You can't buy the kind of publicity Wilco received last year, when Reprise declined to release the newly completed Yankee Hotel Foxtrot (see "Sunken Treasure," September 20, 2001). Blocked from direct access to the mass market, Jeff Tweedy and company schlepped the whole album over to Wilco's Web site (www.wilcoworld.net), where it sat for a number of weeks. And for once, the ballyhooed audio-download phenomenon actually accomplished what it was supposed to do: It circumvented narrow administrative thinking and allowed a band to get its music--as opposed to its "product"--into the hands of the people who wanted it, right-the-hell-now immediately. For a brief moment, Yankee Hotel Foxtrot was the most widely available legal bootleg in the free world.
And then, just as suddenly, it went away, at which point Yankee Hotel Foxtrot ceased to be an album, and became a Text. Tweedy, in particular--a fan's fan if there ever was one--must have been amused as he watched the record take on near-mythic dimensions throughout the following months. Like Smile (with which it was often rather inscrutably compared), Yankee Hotel Foxtrot was purported to push the boundaries not only of the band that produced it, but of the field of pop music in general. Like Big Star's Third/Sister Lovers, the music was supposed to deconstruct itself over the course of the album, a calculated decay essential to its art. Rumors of internal tension abounded; founding member Jay Bennett walked during the recording. And there was the strange matter of the album's reported sonic inspiration, The Conet Project--a multidisc collection of intercepted short-wave radio broadcasts that may or may not be related to espionage activity.
Clearly, none of this material was going to end up on Now That's What I Call Music Vol. MCMLXII. So by this point, when the album receives its honest-to-God release on Nonesuch, Yankee Hotel Foxtrot arrives in many corners with the force of the Second Coming. The hype may obscure the album's merit for a time. But the hype won't last. And Yankee Hotel Foxtrot is not only Wilco's best album to date, it's one of the best albums anyone has released in recent memory.
Months ago, in the immediate context of 9/11, the predominant element of the album seemed to be its sheer noise, the crackling interference and low hum that runs throughout its 51 minutes and occasionally devours the music. When Tweedy sings, "I assassin down the avenue/I'm hiding out in the big city blinking/What was I thinking when I let go of you," the instrumentation stutters in and out beneath him--drums kick in for a single measure, then go silent for the remainder of the verse--and you can fairly hear the singer groping for a vocabulary that will allow him to describe his nervous movements. A child's ghostly voice, coolly repeating the phonetic letters "Yankee...hotel...foxtrot..." laces through the squalling end of "Poor Places" like an ancient, unearthed curse. And occasionally, as on "Jesus, Etc.," Tweedy delivers lines like "Tall buildings shake/Voices are scared/Singing sad sad songs," which are, in hindsight, simply a little too prescient to hear comfortably.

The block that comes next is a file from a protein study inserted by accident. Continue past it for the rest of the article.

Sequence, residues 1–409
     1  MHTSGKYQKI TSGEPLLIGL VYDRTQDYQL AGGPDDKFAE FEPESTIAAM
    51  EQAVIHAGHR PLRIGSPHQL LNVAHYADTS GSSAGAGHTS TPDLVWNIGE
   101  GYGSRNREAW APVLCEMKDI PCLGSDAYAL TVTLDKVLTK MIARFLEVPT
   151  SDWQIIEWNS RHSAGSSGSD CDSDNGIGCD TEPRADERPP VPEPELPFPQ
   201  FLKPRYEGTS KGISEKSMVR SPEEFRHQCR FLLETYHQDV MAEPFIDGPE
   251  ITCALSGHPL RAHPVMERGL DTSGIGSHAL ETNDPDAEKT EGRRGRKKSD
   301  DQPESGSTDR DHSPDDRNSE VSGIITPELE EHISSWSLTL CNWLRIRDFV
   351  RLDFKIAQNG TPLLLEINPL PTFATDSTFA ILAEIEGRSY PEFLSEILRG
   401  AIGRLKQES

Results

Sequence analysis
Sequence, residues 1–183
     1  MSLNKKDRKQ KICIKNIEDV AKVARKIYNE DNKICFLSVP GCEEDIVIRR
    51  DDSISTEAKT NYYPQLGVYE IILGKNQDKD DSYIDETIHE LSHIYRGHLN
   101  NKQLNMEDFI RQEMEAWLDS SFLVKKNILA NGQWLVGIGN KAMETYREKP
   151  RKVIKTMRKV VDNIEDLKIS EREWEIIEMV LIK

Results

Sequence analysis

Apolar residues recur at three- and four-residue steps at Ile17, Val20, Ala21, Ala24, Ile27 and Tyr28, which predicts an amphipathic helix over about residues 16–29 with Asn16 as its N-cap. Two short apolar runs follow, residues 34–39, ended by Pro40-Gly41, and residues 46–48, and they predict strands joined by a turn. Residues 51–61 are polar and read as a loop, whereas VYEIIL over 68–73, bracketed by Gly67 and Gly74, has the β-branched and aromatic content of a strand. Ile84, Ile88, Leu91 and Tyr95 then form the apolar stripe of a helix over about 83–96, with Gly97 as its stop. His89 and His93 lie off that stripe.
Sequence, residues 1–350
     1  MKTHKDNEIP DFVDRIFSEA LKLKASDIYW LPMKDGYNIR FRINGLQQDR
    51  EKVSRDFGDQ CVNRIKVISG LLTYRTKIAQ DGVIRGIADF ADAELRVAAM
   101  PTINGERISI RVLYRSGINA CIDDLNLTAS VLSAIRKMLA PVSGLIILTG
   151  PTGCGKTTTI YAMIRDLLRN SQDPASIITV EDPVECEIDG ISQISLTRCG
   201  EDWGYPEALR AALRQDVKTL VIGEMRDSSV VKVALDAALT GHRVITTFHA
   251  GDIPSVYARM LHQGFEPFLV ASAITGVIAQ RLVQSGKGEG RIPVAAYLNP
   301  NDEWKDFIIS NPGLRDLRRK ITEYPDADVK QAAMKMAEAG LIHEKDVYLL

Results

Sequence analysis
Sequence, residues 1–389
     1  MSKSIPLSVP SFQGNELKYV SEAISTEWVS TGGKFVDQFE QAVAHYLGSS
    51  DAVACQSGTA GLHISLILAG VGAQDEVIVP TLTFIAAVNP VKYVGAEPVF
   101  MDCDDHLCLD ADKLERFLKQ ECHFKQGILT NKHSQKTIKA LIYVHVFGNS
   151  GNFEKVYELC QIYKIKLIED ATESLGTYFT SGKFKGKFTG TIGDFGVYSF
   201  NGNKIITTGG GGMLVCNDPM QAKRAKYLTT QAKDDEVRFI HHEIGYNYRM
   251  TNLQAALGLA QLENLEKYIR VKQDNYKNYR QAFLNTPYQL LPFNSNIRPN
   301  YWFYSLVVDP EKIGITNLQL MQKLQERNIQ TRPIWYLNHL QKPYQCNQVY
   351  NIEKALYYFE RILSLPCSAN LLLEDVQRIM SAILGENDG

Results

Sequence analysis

Yankee Hotel Foxtrot is packed with intricate touches like these, which become apparent only after repeated listenings. From an audiophile's standpoint, it is the most layered of Wilco's albums--it's a soundscape, properly speaking--and the audio mix, courtesy of Jim O'Rourke (who's also mixed for Superchunk, Tortoise and Sonic Youth), contributes immeasurably to its power. But for all its significant production ambiance, Yankee Hotel Foxtrot is, most important, an album of songs that are very nearly perfect in their conception and execution. The haunting centerpiece "Ashes of American Flags" finds Tweedy admitting that "my lies are always wishes"; on "I'm the Man Who Loves You," volunteering that, "All I can be is a busy sea/Of spinning wheels and hands that feel/For stone to throw, and feet that run." A sparseness of language permeates the album--and grammatically, it's a mess--but hearing those broken words wedded to this fragmented music, you realize these things couldn't be said any other way.
It only gets more rewarding the longer one listens; the sound of creative people doing something exactly as they'd intended is, as always, a remarkable thing to hear. Take it as you will--the radio as metaphor for crossed romantic signals, receiving spectral transmissions from all our broken hearts--but however you take it, be assured that remarkable things are happening here. Or, like the man said: Hear it again, for the first time.
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